A celebration of the 50th anniversary of the birth of the modern environmental movement in Stockholm in 1972, the White Paper was the product of an 18-month consultation bringing 150 practitioners, researchers, and policymakers together across different sectors, diverse organizations, and many languages. While concerns about peace and conflict had been expressed at the 1972 UN Conference on the Human Environment, the 50th anniversary and the White Paper highlighted how far the international community has come in integrating peace and conflict considerations into environmental thinking and practice (and vice versa).
Despite the doom and gloom of the past twelve months, the past year has seen momentum toward solutions. Although the UN Security Council did not pass a climate security resolution, other avenues have brought the subject to the fore, ranging from COP27 (climate change) and COP15 (biodiversity) to Stockholm+50 and the Second International Conference on Environmental Peacebuilding.
The insights and recommendations made by the White Paper, derived from diverse perspectives from environmental peacebuilders around the world, are more relevant than ever. This includes:
· Encouraging greater inclusivity and grassroots action in environmental peacebuilding to address the vulnerabilities of communities in the most conflict- and climate change-affected settings;
· Embedding environmental peacebuilding at all levels to go beyond do-no-harm approaches in international humanitarian and peace operations;
· Supporting the implementation of the emerging legal framework to protect the environment in areas affected by armed conflict to ensure accountability for those that damage and weaponize the environment;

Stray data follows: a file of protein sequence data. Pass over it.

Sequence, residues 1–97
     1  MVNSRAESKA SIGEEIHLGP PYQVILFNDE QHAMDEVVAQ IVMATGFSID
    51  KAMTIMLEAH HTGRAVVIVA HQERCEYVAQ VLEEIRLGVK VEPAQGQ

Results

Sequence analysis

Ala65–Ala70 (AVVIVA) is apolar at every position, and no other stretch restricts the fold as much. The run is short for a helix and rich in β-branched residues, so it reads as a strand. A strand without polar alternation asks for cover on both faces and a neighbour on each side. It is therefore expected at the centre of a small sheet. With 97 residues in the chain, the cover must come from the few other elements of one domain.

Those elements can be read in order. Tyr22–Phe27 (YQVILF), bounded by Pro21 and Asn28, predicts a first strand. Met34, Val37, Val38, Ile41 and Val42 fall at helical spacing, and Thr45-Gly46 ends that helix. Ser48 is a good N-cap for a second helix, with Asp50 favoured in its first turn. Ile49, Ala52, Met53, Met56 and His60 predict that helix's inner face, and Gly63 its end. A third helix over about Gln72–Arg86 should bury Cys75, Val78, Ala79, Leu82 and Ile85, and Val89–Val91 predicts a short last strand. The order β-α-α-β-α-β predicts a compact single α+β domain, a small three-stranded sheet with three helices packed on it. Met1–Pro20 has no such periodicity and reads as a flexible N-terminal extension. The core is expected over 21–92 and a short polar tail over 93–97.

· Developing climate security early warning and action systems to ensure that meaningful action is taken before risks spiral; and
· Building the evidence base to account for the complex and unique ways environmental degradation, biodiversity loss, and climate change intersect with conflict.
There is no one answer, there is no magic formula, but the White Paper demonstrated that we need to nurture an ecosystem of different actors, ideas, and approaches to ensure that we can harness the potential of environmental peacebuilding. We hope Condorcet would agree that our best chance for a more sustainable and peaceful future lies in this rich, diverse, and inclusive ecosystem.
The White Paper on the Future of Environmental Peacebuilding launched on 1 February 2022 at the Second International Conference on Environmental Peacebuilding. More than 10,000 people from 99 countries have visited the Paper’s website, and a thriving community of practice continues to this day. Learn more and join the conversation here.